Let Christians be one, and the best efforts will be made, and made in the best manner, for the conversion of the world. The number of devoted missionaries will be multiplied. The hackneyed plea that much is tɔ be done at home, will not then check the missionary enterprise. The union of Christians will do more to convert men at home, than all the heralds of salvation, who are labouring among the Heathen could do, if they had devoted their lives to this object. And the attention of the churches and their prayers would then be given in undiverted fulness to the work of saving the unevangelized world. The church would have but little to do besides converting the Heathen. And since a purer Christianity would be diffused, and an approving God would then smile upon the efforts of his united people, the announcement would soon be made from heaven, “the kingdoms of this world are become the kingdom of our Lord and of his Christ.”
Such are some of the advantages of union among Christians. Will not the real friends of the Redeemer seize joyfully these advantages ? Magnify, to the highest degree, the benefits of sectarian estrangement, they dwindle into the most dwarfish insignificance when contrasted with the blessings lost to the Redeemer's cause by such estrangement. Would you weigh the salvation of the world against the advantages of sectarianism ? Will you cling to these advantages, questionable as they are, though you assume, by so doing, the fearful responsibility of deciding that the world shall not yet be evangelized ? UNION AMONG CHRISTIANS, OR THE PERPETUATION OF PAGANISM AND INFIDELITY is the alternative that now demands the attention of the church. It was that the world might know the Gospel, that the Redeemer prayed for union among his followers.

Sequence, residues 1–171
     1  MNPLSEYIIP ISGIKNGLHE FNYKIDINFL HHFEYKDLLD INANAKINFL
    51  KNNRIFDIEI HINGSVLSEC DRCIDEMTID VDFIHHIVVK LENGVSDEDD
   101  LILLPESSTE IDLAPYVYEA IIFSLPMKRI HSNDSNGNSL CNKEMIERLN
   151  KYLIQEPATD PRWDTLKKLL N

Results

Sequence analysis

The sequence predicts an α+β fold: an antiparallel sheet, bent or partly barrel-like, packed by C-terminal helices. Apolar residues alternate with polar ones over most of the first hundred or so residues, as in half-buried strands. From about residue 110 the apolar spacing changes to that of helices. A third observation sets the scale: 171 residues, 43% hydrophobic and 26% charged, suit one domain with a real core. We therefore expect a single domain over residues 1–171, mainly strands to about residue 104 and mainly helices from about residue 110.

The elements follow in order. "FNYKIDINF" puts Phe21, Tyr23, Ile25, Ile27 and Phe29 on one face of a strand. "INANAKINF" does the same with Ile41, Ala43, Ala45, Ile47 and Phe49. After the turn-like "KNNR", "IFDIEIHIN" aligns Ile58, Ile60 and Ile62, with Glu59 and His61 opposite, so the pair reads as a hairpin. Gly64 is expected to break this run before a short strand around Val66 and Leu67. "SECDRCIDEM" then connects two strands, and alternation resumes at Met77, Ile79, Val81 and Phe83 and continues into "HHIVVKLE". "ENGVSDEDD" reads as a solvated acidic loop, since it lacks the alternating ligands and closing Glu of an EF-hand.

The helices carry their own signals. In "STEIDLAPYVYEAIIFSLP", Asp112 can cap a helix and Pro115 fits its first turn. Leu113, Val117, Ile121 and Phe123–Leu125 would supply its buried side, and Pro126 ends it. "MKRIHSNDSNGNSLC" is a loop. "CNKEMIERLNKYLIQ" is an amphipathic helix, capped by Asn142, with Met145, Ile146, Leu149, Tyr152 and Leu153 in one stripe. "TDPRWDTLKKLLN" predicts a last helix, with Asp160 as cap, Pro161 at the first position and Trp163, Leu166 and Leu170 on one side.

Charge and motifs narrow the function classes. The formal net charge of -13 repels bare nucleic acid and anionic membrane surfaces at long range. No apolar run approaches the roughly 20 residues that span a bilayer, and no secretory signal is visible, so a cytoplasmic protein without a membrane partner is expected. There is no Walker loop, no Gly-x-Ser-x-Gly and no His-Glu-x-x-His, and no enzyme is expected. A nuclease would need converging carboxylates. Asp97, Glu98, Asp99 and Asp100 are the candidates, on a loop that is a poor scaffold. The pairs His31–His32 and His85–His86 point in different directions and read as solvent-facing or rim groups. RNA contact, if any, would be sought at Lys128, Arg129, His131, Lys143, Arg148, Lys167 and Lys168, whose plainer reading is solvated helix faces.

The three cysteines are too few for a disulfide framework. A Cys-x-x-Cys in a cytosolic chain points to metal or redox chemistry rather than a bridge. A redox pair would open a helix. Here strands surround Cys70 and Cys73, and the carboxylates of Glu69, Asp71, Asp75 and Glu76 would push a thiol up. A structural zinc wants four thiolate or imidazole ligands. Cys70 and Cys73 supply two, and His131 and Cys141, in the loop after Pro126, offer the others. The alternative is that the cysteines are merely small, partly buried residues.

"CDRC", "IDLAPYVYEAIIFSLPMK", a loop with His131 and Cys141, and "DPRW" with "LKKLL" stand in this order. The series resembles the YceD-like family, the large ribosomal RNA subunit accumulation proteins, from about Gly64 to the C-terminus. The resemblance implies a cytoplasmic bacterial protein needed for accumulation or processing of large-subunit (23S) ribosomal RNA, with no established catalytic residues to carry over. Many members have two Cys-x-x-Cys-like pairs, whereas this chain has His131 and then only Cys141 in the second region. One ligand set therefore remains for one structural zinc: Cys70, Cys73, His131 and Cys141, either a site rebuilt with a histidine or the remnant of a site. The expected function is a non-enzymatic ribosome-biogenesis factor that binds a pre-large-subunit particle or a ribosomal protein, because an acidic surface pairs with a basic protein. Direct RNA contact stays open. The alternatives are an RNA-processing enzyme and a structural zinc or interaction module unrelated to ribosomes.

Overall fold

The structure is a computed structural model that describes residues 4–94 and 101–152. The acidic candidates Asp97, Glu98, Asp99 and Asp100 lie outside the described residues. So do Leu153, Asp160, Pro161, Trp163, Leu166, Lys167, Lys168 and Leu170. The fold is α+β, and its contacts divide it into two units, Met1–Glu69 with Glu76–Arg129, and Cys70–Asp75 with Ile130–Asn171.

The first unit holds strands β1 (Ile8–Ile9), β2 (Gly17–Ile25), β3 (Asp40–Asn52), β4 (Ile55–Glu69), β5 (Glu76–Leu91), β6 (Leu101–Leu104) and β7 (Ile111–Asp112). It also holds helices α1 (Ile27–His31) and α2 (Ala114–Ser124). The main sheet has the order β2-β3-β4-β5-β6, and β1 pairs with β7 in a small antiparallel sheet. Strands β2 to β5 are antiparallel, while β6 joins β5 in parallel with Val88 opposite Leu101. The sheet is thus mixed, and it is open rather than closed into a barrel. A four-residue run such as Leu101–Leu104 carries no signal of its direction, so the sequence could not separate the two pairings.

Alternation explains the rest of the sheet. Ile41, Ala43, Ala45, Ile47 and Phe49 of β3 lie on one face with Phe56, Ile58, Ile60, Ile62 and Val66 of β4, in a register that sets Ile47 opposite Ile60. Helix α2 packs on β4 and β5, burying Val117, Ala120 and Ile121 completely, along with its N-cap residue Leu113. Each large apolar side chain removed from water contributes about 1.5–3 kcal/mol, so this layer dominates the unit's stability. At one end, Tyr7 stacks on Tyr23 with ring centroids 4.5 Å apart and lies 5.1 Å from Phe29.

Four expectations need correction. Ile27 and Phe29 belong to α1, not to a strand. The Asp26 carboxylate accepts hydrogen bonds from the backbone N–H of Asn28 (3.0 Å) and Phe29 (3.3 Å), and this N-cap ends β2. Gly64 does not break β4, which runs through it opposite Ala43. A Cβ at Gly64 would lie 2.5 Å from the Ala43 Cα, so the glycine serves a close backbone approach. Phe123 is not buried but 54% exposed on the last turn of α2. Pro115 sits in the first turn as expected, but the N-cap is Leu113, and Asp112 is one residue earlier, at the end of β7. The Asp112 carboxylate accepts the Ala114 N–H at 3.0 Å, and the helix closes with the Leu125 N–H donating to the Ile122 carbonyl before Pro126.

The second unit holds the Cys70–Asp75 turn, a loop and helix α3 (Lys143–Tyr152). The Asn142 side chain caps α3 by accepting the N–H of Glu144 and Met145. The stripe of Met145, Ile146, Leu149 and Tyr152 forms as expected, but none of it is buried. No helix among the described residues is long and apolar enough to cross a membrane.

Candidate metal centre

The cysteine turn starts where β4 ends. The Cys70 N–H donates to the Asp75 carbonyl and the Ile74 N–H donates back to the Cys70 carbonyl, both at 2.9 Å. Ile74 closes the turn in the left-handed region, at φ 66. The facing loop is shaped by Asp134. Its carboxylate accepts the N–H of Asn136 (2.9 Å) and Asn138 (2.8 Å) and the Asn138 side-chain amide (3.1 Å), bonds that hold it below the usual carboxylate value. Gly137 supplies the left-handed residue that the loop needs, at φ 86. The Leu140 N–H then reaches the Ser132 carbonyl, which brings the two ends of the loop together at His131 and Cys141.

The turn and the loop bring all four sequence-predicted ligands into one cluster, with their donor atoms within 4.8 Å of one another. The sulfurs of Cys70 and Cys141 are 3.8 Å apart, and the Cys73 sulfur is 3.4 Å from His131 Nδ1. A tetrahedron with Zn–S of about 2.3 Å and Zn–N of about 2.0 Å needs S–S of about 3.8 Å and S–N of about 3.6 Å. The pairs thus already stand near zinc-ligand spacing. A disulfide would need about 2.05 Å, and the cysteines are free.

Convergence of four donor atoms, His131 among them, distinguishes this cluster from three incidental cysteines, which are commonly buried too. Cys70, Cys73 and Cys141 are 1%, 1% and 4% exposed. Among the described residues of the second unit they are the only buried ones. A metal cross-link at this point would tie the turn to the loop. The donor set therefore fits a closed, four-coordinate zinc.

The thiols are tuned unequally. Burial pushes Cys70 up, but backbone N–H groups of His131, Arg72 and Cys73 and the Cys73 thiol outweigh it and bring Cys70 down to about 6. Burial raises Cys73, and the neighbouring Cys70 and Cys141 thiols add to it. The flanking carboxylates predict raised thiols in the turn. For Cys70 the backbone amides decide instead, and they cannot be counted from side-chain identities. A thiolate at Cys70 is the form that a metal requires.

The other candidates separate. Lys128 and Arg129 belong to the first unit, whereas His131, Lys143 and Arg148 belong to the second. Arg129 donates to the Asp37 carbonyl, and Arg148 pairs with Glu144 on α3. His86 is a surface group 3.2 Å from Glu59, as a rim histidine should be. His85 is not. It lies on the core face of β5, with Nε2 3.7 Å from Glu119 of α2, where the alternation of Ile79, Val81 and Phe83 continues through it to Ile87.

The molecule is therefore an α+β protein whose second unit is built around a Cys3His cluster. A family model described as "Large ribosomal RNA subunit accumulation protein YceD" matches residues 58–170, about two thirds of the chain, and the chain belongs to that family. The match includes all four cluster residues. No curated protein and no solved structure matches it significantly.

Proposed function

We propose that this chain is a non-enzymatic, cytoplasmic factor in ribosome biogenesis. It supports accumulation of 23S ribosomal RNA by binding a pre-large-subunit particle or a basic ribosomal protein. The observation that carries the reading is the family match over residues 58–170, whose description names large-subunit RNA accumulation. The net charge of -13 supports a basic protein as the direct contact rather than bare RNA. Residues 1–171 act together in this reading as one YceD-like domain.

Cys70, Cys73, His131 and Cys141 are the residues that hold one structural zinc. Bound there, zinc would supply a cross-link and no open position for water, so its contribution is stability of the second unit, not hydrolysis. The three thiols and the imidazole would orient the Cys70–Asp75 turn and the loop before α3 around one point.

And does not the imperfect success of modern missions confirm the representation that Christians must be one, or the world will not be converted ?
The Israelites, when ordered back to the wilderness by their offended Lord, would have gone forward to take possession of the promised land, at the margin of which they were then encamped: but the message from God
was, "Go not 11p-neither fight, for I am not among you." So while the
camp of the Christian Israel is torn with dissensions, of what avail is it to talk of going forth to convert the nations ? Must not the God of Israel refuse to accompany such a camp, in such an undertaking ?